at the Chicago Architecture Foundation, through September 14

In 1954, when architect Crombie Taylor was beginning the project of restoring several halls in Louis Sullivan’s great 1889 Auditorium Building, he asked the Chicago Architectural Photographing Company if they had any documentation. They brought him several boxes containing 127 eight-by-ten glass-plate negatives of Sullivan buildings, all taken shortly after completion, that had apparently been commissioned by Sullivan himself. In 1918, when the penniless architect was evicted from his office in the Auditorium, he passed the photos on to architectural photographer Henry Fuermann, who had also taken many of them. In this trove were 27 photos of the Auditorium, 26 of the interior and 1 of the exterior. So many shots of a building interior were unusual at the time, Taylor says, and those photos proved an invaluable resource.

When Taylor began his work, the Auditorium Theatre was separated from the second-floor foyer by two rows of boxes and by several sets of doors that could be closed. But the photographs revealed that originally there were no doors or boxes; the theater and foyer were not completely separate spaces. This helped account for the theater’s renowned acoustics; by reducing the reverberations from reflected sounds, the open foyer served a function similar to the acoustic panels that reduce reverberations in modern halls. Using the photos, Taylor persuaded the building’s owners to restore the original design.

Other photos provided evidence of other alterations. Taylor found the high-contrast light in one picture very puzzling until he realized it was a photo of the theater in the afternoon, and the harsh light was daylight coming through a skylight–which hasn’t yet been restored.

While only one photo of the Auditorium Building’s interior is included in the 95 currently on exhibit in “Sullivan on Sullivan,” almost all the others from the collection of 127 are on view. Many were by Fuermann, but most of the other photographers are unknown; Taylor thinks some may be by Sullivan himself.

The utility of these photos in restoring Sullivan’s buildings alone makes them invaluable, but they’re vital for many other reasons as well. Sadly, more than half of Sullivan’s buildings have been destroyed–most of what we’re likely to see of Babson House and the Schiller Building is in this show. And many buildings, like the Auditorium, have been greatly altered, mostly by human hands, sometimes by the elements. Most interesting, though, is the way these photos reveal aspects of Sullivan’s buildings that might not otherwise be apparent to the casual viewer. In this regard, the exhibit’s location at the Chicago Architecture Foundation is ideal. Three Sullivan buildings–the Auditorium, the Gage, and the Schlesinger and Mayer Store, now Carson Pirie Scott & Company (the sponsor of this exhibit)–stand only a few blocks away. A viewing of the photos combined with visits to these and other Sullivan structures (perhaps the two tombs in Graceland, one of his churches, and the former Krause Music Store, now the Kelmscott Gallery) will provide a superb experience of Sullivan, recently voted the second greatest of all American architects by the American Institute of Architects. (Frank Lloyd Wright, once one of Sullivan’s apprentices, was first.)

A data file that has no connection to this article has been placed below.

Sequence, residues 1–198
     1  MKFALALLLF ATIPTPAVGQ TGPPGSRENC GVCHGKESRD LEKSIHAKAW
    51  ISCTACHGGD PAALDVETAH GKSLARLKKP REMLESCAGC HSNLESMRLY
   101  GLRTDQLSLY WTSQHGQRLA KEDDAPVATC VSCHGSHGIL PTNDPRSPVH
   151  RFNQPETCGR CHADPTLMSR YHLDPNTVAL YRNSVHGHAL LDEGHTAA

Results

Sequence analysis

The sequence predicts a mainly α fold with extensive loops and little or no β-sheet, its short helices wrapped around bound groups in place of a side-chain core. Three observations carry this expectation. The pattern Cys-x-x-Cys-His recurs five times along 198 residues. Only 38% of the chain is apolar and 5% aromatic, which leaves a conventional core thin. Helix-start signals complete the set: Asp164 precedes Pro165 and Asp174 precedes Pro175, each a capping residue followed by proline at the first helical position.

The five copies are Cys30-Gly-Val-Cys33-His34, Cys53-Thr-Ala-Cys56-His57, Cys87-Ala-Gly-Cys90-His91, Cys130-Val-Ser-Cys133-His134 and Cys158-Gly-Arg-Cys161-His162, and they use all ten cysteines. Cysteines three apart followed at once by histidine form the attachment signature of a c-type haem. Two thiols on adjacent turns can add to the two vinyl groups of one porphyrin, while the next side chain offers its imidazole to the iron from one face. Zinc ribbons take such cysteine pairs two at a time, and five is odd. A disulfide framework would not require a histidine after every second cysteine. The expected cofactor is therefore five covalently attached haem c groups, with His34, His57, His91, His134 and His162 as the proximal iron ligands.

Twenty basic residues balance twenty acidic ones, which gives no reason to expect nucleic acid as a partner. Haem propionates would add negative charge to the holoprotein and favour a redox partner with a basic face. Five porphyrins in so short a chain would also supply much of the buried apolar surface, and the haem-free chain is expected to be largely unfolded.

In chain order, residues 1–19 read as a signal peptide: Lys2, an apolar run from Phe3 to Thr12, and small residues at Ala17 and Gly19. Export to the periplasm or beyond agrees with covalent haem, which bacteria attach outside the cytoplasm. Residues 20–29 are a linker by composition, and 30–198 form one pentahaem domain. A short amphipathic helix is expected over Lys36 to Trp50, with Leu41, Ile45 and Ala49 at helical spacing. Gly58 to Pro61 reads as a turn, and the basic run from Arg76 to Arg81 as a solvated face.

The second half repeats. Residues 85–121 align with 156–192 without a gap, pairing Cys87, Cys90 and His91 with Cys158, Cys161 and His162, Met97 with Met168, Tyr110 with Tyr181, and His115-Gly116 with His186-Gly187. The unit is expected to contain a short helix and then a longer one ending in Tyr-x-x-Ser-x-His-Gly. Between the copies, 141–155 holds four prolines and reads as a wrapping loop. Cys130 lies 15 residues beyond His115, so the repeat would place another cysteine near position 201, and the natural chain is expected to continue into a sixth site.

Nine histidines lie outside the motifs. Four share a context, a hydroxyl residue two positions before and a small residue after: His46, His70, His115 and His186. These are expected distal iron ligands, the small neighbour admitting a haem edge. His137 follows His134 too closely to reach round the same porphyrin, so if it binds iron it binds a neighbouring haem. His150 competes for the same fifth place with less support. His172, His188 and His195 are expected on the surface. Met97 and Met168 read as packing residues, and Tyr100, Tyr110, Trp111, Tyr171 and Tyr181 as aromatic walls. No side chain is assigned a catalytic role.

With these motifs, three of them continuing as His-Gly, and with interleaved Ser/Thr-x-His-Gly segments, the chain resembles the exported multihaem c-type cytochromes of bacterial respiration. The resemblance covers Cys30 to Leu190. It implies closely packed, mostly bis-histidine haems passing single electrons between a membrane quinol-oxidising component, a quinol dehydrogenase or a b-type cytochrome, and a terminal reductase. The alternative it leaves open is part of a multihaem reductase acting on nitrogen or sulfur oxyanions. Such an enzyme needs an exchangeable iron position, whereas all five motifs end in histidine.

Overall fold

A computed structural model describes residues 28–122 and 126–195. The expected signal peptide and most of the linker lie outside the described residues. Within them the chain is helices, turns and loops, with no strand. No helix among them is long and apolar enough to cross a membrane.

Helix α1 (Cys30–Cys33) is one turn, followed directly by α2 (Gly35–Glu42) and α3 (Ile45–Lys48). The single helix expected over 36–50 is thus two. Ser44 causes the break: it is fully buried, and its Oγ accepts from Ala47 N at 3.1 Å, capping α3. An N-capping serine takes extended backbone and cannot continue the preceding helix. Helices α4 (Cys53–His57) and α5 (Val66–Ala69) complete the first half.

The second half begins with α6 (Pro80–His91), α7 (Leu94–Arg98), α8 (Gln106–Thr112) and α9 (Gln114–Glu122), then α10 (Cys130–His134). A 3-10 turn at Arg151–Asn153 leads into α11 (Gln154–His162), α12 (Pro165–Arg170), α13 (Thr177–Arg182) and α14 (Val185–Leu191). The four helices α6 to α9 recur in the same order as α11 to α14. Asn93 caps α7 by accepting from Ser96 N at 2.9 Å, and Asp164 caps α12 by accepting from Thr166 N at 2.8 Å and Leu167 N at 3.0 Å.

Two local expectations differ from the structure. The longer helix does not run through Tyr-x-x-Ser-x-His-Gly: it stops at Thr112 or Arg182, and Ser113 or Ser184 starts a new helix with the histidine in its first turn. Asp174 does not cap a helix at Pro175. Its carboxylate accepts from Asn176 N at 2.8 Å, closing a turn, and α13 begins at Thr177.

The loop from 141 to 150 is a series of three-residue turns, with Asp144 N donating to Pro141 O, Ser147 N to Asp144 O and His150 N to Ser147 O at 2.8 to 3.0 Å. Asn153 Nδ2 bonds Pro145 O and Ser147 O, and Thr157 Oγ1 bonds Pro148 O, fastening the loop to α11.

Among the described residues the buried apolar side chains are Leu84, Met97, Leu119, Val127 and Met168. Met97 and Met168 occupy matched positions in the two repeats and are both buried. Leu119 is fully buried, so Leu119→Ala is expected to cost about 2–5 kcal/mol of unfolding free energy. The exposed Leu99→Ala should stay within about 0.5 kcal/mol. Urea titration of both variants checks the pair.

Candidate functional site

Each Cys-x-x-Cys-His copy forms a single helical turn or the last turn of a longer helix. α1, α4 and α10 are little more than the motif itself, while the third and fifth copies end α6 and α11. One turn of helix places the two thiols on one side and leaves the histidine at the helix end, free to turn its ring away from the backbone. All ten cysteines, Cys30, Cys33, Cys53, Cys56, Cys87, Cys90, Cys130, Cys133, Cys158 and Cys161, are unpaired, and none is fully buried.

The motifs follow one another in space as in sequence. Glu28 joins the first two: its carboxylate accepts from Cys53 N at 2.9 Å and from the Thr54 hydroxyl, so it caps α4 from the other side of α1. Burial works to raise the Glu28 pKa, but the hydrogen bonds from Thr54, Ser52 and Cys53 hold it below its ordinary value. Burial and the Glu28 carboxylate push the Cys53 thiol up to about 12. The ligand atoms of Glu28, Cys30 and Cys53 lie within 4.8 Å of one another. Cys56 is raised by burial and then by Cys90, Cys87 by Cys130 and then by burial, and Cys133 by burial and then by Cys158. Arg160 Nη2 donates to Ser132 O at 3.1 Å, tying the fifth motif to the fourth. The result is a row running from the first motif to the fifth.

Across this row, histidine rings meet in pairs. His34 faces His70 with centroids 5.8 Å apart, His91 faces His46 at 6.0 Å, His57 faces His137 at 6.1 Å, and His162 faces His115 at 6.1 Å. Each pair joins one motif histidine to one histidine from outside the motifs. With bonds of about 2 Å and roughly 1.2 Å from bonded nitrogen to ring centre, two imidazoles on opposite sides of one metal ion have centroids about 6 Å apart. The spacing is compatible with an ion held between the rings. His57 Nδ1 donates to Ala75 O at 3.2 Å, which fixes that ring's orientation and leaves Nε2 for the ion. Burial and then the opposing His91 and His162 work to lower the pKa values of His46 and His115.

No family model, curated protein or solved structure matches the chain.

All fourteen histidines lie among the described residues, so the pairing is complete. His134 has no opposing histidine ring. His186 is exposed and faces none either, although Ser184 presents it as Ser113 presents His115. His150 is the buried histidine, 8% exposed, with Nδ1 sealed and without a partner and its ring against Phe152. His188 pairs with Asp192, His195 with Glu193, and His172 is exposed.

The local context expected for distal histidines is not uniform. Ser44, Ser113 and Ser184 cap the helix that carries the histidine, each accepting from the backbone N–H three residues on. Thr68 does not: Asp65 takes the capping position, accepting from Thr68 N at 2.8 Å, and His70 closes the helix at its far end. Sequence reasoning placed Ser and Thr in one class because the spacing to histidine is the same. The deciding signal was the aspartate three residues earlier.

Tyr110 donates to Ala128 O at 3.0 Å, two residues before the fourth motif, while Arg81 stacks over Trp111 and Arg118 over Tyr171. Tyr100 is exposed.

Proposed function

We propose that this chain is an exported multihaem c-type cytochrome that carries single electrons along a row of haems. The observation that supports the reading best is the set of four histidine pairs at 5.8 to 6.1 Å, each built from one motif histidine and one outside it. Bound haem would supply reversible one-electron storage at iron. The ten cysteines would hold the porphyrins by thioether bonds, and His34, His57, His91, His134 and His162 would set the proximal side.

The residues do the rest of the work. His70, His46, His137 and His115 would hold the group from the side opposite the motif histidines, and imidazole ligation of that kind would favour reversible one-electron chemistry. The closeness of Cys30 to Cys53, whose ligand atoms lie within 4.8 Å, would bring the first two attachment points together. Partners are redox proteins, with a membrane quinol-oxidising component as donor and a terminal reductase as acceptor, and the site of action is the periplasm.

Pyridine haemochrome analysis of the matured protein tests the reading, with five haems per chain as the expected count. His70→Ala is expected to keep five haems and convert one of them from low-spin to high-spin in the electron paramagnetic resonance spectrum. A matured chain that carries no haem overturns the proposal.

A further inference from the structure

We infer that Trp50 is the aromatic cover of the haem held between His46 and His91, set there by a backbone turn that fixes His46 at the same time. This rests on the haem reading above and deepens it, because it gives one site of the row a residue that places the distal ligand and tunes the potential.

Most of the photos are shot diagonally, not only showing parts of two facades but creating a dynamic form whose edge asserts a strong presence. One such photo, of the Merchants National Bank in Grinnell, Iowa, reveals the strong, almost perfect symmetry of the building’s boxy shape, which I had overlooked on a visit there because I was infatuated with the huge window ornament on the front. The irregularly serrated roof of the Getty Tomb–which one tends to ignore when looking at its ornamentation close up–in two photos contrasts strongly with its massive, square shape. But perhaps most revealing is the way multiple views of the same building suggest relationships between different parts of the design.